(WSPA) – As Congress mulls over an all-out ban on the popular social media app TikTok, you might be wondering what are the dangers, if any, to you and your family.

In this 7NEWS Consumer Exclusive, we get expert advice on the safety of TikTok and whether you should delete the app altogether. 

Why the pull?

If you’ve never downloaded the TikTok app to see its constant stream of short entertaining videos, then you may not see the appeal.

However, users like Mark Matthews, a student at Clemson University, have one way to describe it.  

“It’s really addictive honestly,” Matthews said.

Daniel Auber couldn’t agree more.

“I find if I don’t have the timer set I’ll just go on and on and on all day,” according to Auber.

“I’m on it like a lot, a lot more than I should be,” Allie Beckmeier said.  

Still, it’s not the drug-like quality of the app that is under scrutiny, but rather what Beijing-based parent company, ByteDance, could do with all the user data it collects.  

Why cyber security experts say you should be concerned

Derek Davis, the owner of Intelli-Net in Greenville, has had decades of experience in cyber security and is very concerned about what can be done with the data over time by a world player who is not friendly to America.

“I think the main concern about TikTok, in general, is that it’s not taking more information from you than Facebook or Instagram, it’s where that info is headed to, which is the Chinese Government.”

Davis knows your average TikTok user like Beckmeier doesn’t see the harm.

“If they want to use my information then just go for it, I don’t really care honestly.”

However, Davis urges people to be mindful of potential consequences.

“It cost the government of China nothing to store Terabytes of information about everybody in the United State and then they can use artificial intelligence programs to parse through all of this information, and then who knows what they might get at the end of it.”

What data TikTok collects

Investigations into TikTok reveal the app takes not just names, phone numbers, keystrokes and the personal data you post, but also can have access to emails and information from other apps on your phone.   

TikTok also can decipher your location and identifiers of your device like the IP address, and even biometric data on your phone.

Not all experts agree

Dr. Richard Brooks, on the other hand, worries an all-out ban would border on government censorship.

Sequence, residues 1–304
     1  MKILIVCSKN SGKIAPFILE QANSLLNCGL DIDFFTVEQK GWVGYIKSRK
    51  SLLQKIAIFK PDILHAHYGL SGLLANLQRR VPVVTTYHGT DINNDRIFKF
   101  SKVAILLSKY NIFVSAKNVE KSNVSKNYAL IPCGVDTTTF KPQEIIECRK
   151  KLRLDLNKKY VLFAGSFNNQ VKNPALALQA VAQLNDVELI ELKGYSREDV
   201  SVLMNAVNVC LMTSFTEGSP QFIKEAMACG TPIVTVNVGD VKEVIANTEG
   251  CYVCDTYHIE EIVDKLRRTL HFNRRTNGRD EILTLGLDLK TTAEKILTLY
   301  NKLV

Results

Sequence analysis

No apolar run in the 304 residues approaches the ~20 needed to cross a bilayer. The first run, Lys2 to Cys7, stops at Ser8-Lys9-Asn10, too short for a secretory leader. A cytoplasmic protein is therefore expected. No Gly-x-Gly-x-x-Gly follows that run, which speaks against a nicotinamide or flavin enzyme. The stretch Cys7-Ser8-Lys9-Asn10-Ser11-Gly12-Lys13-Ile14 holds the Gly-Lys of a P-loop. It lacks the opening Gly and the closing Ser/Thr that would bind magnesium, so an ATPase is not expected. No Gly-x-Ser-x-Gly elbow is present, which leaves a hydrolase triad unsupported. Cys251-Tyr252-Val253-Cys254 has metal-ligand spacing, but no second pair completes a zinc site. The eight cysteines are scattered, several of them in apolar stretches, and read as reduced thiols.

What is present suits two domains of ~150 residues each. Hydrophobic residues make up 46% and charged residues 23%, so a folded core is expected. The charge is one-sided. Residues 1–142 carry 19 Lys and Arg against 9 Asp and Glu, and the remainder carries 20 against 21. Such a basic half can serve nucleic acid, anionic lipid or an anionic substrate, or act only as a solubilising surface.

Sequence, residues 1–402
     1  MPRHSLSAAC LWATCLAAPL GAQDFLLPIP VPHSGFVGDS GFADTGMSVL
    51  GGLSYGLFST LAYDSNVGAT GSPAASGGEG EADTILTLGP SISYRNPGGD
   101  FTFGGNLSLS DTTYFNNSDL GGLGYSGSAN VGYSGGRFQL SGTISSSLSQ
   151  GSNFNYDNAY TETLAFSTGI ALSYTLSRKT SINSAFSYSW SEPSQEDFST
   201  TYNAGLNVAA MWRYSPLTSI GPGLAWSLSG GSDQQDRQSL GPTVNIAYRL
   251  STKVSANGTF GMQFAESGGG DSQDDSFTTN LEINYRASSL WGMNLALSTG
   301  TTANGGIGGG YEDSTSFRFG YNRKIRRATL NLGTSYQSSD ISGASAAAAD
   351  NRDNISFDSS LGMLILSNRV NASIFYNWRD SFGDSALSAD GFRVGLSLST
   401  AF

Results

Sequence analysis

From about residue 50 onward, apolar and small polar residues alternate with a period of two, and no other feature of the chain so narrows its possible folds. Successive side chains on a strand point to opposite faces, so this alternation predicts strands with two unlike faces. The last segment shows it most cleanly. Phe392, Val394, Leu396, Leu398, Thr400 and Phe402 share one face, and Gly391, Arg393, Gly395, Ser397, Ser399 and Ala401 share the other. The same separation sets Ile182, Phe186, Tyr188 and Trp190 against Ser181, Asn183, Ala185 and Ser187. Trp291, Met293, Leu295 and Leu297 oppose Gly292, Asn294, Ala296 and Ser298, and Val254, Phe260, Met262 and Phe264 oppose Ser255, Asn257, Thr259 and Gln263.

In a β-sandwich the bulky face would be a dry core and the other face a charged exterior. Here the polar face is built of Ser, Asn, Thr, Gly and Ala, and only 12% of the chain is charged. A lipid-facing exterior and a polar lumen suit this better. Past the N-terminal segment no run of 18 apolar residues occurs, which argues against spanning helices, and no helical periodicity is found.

He also said China can harvest almost any internet traffic data regardless of TikTok.

Still, he does find the app’s potential for spreading misinformation troubling.

“It could be a form of propaganda in helping influence people towards the Chinese viewpoints,” according to Dr. Brooks.

Some public universities banning TikTok

While an all-out ban is still up for debate, the recent ban on government phones is widely supported, and yet not everyone agrees on how far that government oversight should extend.  

While public universities in South Carolina have not banned TikTok, a growing number in other states have, from Alabama to Oklahoma to Texas.

Still, many students are finding workarounds.

That’s because, while institutions can block the app through Wi-Fi networks, they can’t stop students who disagree with the ban from using their own data plans.  

“I would be personally very bummed if I couldn’t use it on my personal device,” Auber said.

Users think twice

That’s not to say the ban isn’t making some users think twice.

“I’ve definitely seen a reduction in how much I’ve used it,” according to Michael Killion.

“If I’m being honest, I’m not too concerned right now, but if I heard more, I would remove it from my phone for my safety,” Matthews said.

Still, the pull of TikTok remains a powerful force.

“It’s just hard to get rid of it cold turkey,” Killion said.  

It doesn’t go both ways

Before you make up your mind, one more warning from Davis, who reminds Americans that China bans access to social networking sites from America so the release of our information through TikTok would not be reciprocal.  

“The Chinese government has a massive firewall that protects their people from seeing Western technology, but they certainly don’t mind harvesting information that comes from our country,” according to Davis.  

He cautioned, in this world of artificial intelligence when images and voices are being captured forever, who knows what can be done with the mountain of data.

One thing is for sure, China may restrict access to its citizen’s information, but when it comes to what the adversary can do with ours, there are virtually no boundaries.  

How to delete TikTok

TikTok said it can take up to a month for your videos and data to be removed.  

Here’s how:

  • In the TikTok app tap Profile (bottom right).
  • Tap three-line icon in the top right.
  • Go to Settings and Privacy.
  • Tap Manage account > Delete account.
  • Follow the instructions in the app to delete your account.